When my husband and I married, he had a Pit. We also adopted a shelter cat (I’m a cat person). They figured out right away that although there was a totem pole, and the dog was older, they were siblings, pack, whatever. A few years later a kitten appeared at our front door and together they ‘mothered’ her (older cat was a male, but made a great Mama). Next came our first human child – and they all accepted that he came after us and before them on the totem pole. Pit died, enter Boxer – who willingly accepted that the two cats and all of the people ‘outranked her’ – extending this to our daughter when she came along. The funny thing was, when both cats had died and a new kitten came into the family, the Boxer assumed ALL cats outranked her. Both the Pit and the Boxer were devoted to our children.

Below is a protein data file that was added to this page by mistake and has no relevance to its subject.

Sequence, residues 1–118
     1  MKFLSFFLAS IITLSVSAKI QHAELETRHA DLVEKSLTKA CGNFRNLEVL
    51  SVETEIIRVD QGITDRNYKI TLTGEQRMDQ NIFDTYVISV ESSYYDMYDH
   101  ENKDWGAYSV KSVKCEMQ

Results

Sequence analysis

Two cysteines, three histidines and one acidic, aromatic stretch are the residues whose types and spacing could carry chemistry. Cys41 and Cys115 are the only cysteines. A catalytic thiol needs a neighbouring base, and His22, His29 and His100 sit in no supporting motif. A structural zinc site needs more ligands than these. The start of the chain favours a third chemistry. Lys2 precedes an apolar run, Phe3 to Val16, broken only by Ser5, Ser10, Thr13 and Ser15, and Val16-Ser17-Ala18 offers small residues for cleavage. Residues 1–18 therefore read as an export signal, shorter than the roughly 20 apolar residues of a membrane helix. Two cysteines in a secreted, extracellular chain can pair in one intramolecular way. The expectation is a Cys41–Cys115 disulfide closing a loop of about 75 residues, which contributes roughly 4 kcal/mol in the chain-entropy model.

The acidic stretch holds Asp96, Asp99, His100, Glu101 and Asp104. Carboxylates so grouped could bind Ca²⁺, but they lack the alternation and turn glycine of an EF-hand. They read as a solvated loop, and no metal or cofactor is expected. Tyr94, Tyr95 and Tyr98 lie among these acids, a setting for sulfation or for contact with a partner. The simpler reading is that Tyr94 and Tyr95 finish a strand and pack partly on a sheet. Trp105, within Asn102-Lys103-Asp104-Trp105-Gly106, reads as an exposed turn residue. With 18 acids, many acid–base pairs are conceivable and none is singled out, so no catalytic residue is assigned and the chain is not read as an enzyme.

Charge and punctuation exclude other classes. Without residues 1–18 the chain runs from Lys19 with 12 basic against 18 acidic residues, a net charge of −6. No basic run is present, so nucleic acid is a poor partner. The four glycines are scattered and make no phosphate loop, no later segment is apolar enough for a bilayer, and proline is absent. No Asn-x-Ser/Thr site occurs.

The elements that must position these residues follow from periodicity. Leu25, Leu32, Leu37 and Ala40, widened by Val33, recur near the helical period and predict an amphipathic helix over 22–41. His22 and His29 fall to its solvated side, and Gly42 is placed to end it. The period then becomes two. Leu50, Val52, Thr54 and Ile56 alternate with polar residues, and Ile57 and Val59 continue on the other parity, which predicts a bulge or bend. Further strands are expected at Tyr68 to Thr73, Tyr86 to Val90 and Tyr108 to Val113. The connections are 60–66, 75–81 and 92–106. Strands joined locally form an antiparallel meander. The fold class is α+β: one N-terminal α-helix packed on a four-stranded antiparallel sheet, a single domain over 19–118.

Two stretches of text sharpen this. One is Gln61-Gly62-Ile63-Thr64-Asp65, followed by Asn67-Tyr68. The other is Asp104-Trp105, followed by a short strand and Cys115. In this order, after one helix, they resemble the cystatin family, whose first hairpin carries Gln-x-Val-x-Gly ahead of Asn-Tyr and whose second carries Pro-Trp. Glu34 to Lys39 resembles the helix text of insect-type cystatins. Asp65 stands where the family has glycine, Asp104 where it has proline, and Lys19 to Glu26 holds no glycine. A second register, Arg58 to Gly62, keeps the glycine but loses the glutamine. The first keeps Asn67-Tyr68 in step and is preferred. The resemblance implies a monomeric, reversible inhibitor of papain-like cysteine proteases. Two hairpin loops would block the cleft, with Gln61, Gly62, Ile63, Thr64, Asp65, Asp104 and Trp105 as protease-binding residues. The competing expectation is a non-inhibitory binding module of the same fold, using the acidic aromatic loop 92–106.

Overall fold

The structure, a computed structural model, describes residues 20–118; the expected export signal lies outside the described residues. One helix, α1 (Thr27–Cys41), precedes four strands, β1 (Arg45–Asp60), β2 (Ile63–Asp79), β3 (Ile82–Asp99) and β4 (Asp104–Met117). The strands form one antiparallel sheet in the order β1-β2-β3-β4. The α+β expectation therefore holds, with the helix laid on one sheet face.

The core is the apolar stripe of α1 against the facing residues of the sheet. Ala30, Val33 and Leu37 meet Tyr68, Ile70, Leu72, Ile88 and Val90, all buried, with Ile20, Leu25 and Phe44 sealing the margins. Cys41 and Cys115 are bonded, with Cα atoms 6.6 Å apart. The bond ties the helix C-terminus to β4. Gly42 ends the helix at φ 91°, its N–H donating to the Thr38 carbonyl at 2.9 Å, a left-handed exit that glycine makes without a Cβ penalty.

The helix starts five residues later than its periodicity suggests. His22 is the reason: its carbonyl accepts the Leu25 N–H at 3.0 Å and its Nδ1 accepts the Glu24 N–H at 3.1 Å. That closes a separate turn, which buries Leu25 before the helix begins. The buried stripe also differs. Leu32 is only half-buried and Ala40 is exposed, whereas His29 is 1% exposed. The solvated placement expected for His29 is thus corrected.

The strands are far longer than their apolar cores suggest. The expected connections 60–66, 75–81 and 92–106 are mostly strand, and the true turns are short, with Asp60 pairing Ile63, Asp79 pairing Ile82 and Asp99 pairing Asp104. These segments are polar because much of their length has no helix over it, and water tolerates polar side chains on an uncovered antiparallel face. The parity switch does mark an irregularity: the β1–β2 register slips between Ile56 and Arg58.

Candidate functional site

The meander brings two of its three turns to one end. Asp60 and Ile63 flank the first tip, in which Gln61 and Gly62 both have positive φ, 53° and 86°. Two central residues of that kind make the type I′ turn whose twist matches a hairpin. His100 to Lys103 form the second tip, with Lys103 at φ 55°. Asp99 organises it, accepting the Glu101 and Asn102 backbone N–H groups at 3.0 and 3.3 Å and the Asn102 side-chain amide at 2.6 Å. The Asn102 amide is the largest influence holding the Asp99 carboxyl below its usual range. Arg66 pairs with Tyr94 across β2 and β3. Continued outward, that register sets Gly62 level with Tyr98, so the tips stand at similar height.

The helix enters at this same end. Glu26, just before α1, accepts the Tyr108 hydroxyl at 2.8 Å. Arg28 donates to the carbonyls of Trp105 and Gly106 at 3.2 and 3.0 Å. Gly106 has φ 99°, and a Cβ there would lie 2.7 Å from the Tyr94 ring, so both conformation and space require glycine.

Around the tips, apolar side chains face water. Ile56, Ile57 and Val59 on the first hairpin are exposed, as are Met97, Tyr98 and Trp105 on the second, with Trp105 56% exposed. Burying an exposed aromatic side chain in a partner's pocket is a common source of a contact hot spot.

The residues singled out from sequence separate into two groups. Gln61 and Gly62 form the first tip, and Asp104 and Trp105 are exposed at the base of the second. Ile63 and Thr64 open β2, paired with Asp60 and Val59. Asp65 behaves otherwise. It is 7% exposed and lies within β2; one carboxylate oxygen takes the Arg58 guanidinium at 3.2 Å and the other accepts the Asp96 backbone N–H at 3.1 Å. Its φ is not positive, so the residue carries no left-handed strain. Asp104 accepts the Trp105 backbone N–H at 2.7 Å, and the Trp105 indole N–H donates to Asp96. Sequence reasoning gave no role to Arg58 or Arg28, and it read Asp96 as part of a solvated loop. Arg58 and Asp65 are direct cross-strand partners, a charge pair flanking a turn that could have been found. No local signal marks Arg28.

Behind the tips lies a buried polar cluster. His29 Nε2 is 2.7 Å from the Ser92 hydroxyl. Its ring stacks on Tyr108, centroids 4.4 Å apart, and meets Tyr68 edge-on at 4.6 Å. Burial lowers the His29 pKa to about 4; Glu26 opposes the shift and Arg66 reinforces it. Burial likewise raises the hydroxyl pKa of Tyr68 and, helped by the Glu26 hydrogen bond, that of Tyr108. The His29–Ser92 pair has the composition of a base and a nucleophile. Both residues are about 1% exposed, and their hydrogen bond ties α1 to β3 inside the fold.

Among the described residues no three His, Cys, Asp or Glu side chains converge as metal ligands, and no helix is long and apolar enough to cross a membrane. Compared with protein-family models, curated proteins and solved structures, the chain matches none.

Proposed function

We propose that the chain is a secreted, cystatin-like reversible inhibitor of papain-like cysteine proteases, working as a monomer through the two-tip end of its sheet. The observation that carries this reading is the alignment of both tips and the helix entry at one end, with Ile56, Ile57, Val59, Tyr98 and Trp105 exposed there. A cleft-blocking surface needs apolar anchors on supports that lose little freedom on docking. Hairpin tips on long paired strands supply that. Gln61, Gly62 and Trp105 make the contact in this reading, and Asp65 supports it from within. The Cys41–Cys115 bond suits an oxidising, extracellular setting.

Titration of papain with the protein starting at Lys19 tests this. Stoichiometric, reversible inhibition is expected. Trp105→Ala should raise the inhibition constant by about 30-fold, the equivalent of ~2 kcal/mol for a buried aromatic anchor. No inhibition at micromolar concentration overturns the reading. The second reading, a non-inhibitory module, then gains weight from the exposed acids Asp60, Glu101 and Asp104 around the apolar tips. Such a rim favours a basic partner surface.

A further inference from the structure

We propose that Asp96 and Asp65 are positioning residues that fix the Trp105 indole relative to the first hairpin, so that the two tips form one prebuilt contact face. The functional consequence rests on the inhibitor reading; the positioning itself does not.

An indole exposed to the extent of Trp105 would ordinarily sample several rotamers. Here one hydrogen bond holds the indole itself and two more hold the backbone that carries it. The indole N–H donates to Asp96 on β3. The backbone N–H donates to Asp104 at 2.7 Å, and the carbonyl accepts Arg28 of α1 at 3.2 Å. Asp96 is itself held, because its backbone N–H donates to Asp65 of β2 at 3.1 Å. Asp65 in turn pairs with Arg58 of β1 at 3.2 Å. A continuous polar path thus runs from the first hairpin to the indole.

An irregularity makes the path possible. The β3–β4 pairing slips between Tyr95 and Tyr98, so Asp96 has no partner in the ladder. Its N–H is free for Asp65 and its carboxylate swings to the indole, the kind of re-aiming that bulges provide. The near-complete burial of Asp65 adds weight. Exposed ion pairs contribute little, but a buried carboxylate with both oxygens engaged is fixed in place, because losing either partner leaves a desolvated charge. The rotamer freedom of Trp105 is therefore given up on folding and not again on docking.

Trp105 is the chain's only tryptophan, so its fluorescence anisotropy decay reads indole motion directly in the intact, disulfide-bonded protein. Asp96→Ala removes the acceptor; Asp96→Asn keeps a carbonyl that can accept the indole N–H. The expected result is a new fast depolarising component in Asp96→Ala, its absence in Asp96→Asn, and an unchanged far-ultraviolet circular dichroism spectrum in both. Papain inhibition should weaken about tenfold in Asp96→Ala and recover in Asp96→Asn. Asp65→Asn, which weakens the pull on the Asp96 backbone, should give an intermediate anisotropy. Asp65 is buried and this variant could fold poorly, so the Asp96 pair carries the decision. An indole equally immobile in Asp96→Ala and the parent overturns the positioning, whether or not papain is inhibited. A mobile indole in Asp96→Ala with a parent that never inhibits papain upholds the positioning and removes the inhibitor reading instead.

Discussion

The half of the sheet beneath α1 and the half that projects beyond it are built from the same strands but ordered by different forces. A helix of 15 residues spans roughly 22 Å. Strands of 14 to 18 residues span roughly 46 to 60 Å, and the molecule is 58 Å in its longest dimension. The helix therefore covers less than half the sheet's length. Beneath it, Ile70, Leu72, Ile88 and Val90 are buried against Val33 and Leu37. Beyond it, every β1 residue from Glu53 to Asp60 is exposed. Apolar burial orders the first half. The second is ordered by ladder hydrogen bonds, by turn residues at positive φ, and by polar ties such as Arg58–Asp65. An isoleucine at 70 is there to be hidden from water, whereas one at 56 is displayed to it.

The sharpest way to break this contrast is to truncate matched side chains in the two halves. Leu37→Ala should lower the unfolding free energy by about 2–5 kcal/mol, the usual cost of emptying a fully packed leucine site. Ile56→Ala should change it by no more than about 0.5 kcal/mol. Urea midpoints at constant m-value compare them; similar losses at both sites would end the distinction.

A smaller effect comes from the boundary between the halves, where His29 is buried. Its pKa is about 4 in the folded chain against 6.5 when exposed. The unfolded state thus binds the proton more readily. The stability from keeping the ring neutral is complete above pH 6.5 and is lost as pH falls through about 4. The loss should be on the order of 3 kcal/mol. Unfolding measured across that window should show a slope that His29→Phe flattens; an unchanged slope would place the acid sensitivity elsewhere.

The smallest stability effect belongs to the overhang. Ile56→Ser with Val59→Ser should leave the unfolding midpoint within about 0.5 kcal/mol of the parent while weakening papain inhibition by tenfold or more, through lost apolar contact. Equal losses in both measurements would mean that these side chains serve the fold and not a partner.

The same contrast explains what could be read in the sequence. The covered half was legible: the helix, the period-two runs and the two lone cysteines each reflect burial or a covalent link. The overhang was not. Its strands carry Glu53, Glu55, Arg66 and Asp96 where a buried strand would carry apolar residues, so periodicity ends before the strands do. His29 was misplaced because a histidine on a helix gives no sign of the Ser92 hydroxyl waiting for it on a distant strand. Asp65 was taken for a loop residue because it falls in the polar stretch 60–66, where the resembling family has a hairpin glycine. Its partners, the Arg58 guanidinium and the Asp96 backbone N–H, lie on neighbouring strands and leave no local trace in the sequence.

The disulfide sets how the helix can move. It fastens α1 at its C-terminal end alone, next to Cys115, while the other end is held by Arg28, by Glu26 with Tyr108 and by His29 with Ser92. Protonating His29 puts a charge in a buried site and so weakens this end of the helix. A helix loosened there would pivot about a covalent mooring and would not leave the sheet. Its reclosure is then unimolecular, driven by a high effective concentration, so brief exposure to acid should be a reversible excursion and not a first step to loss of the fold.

• Grier Westmoreland

    Whoever wrote this article must be a cat lover who knows nothing about dogs! The St. Bernard is one of the most gentle, eager to please, and loving breeds that exist. If the author cites the size of a dog as a danger, why wouldn’t they also cite small dogs? How many children or adults have tripped over them running in and out of their legs while they are trying to walk? My children have been around Rottweilers, St.Bernard’s, and pit bulls much of their lives without hearing so much as a growl out of them. However, a Dachshund almost bit my daughter’s lip off, requiring her to have plastic surgery.

  • knobby

    Why show a picture of a Siberian Husky and then discuss issues with Malamutes?

  • Dennis